Research Seminars

"The Introduction of Pioneering Products : Effects of Issue Interpretation and Strategy"

Speaker: Nils Plambeck
HEC

24 November 2004 - From 16H00 to 17H30

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"This study examines the factors that encourage firms to introduce products with different levels of

innovativeness to the market and therefore accept different levels of risk. I investigate the influence of the cognitive

process of interpretation and of a firm's strategy on product interpretation. Drawing from data supplied by 102 firms in the

German automobile supplier industry I analyse the perception of situations triggering product innovations and the way in

which the outcomes of this cognitive process affect the new product's degree of innovativeness. Consistent with the

threat-rigidity hypothesis, the results suggest that a more negative interpretation of the trigger leads to a more

incremental product innovation. Moreover, I have found that both, the strategy and the size of an organization influenced the

cognitive process of interpretation as well as the product's degree of innovativeness. Thus, strategy and firm size both

affect innovation directly and indirectly."

“Rewards and Firm Performance - A look into the Motivation Black-Box“

Speaker: Oliver Gottschalg
INSEAD

18 November 2004 - From 14H00 to 16H00

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"Collaborative versus Autonomous New Product Development in the WorldWide Aircraft Industry, 1949-2000"

Speaker: Bernard Garrette, Xavier Castañer and Pierre Dussauge
GROUPE HEC

20 October 2004 - From 16H00 to 17H30

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1. Problem with product complexity: do we

measure the complexity of the prototype or of the final aircraft? In any event, it's difficult to imagine that managers know

the exact characteristics of the product to be developed at the time of the decision to start the project.
2. Size of the

constant coefficient
3. Do we get the same results if we use 1-50 for years (like Gulati, 1999) rather than 1949-2000?

Ownership Structure, Managerial Incentives and the Intensity of Rivalry

Speaker: Govert Vroom and Javier Gimeno
INSEAD

6 October 2004 - From 16H00 to 17H30

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This study investigates how ownership forms affect managerial incentives and pricing in different competitive

contexts. We explore how the difference in ownership form between franchised and company-owned units influences the

incentives of the managers who take the day-to-day decisions that constitute interfirm rivalry. We argue that chains with

company-owned units may restrict decision-making of local units as a credible commitment device to maintain high prices.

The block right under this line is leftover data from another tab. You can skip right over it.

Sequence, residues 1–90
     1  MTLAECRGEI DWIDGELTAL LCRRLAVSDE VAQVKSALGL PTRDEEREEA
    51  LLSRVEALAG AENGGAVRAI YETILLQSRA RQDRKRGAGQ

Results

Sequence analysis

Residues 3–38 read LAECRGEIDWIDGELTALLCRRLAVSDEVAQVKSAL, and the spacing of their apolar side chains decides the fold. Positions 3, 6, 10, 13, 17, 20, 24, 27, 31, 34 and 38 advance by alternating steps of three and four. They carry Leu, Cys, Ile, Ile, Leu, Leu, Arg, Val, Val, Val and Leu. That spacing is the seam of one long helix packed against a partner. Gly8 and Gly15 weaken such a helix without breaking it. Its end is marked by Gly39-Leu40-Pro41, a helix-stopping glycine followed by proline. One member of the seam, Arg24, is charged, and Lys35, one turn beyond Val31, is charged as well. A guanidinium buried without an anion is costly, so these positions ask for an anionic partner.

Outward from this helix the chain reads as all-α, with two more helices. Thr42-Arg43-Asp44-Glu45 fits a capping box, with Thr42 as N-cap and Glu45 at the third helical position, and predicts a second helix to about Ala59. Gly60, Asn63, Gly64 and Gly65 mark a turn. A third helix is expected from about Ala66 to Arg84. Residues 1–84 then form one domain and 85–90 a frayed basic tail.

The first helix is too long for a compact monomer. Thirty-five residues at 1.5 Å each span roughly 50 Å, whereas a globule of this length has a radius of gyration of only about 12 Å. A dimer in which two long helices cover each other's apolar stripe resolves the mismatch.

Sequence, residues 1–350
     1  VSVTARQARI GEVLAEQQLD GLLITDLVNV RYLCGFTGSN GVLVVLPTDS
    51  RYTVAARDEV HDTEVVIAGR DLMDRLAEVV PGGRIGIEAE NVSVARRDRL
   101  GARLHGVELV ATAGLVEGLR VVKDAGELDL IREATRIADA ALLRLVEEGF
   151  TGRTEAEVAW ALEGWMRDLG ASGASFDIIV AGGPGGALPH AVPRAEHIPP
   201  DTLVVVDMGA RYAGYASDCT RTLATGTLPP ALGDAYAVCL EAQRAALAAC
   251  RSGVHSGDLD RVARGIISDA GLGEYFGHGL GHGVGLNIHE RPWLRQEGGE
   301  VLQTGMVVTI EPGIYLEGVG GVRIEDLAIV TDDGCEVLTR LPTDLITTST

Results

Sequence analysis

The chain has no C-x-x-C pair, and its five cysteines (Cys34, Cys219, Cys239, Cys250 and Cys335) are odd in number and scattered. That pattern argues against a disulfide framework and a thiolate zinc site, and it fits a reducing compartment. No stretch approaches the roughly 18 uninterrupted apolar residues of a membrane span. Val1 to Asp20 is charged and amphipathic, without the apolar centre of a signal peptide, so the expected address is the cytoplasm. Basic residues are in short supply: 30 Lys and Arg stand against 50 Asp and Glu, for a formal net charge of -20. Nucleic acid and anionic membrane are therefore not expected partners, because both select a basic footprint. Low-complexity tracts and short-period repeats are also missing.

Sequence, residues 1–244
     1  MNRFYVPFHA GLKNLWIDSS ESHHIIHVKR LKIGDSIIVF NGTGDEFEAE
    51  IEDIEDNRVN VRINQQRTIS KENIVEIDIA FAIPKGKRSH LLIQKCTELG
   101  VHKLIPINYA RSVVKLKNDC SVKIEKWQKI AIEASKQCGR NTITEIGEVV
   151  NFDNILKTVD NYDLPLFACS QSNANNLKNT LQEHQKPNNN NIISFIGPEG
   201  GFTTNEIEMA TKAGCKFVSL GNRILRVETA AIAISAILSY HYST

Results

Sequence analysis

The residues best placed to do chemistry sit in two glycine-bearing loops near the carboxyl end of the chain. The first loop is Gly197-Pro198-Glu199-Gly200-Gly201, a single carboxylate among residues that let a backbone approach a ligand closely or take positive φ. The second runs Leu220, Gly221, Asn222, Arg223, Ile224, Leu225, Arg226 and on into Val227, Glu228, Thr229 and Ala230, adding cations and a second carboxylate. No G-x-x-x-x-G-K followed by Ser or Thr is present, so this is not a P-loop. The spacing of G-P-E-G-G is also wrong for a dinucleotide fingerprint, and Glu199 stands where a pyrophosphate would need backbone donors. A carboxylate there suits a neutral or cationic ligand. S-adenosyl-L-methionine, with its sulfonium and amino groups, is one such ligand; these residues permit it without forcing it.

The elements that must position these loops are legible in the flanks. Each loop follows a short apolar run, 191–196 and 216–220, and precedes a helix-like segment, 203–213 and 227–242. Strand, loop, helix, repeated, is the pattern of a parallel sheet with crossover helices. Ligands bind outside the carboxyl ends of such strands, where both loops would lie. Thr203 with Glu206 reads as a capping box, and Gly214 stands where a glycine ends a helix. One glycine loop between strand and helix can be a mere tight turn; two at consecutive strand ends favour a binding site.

Furthermore, we argue that the payment of royalty fees reduces the net available revenues of franchisees, which provides an

incentive to increase the price they charge to customers. Using a proprietary dataset of the Texas hotel industry, our

findings confirm these hypotheses and form one of the first empirical confirmations of what is called strategic incentives

theory. By elucidating the competitive consequences of ownership forms, this study allows managers to take these consequences

into consideration when determining the ownership structure of local units.

Entrepreneurial Alliances as Contractual Forms

Speaker: Africa Ariño
IESE Business School

22 September 2004 - From 16h00 to 17h30

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"Advancing

upon taxonomical research on interfirm alliances, we investigate the design of entrepreneurial firms' alliances in more

fine-grained terms by focusing on the specific contractual provisions that firms negotiate into their alliance contracts.

Drawing upon transaction cost arguments, we examine the determinants of the contractual complexity of collaborative

agreements in the German telecommunications industry. The findings reveal that alliance contracts vary greatly in their

complexity, yet contracts for non-equity alliances tend to be no more or less complex than those for equity alliances on

average, which challenges the view that the latter unambiguously afford firms greater control than the former. Furthermore,

multivariate findings on the roles of transaction-specific investment, relational capital, search costs, and so forth

demonstrate that firms' contractual and governance choices have distinct antecedents".


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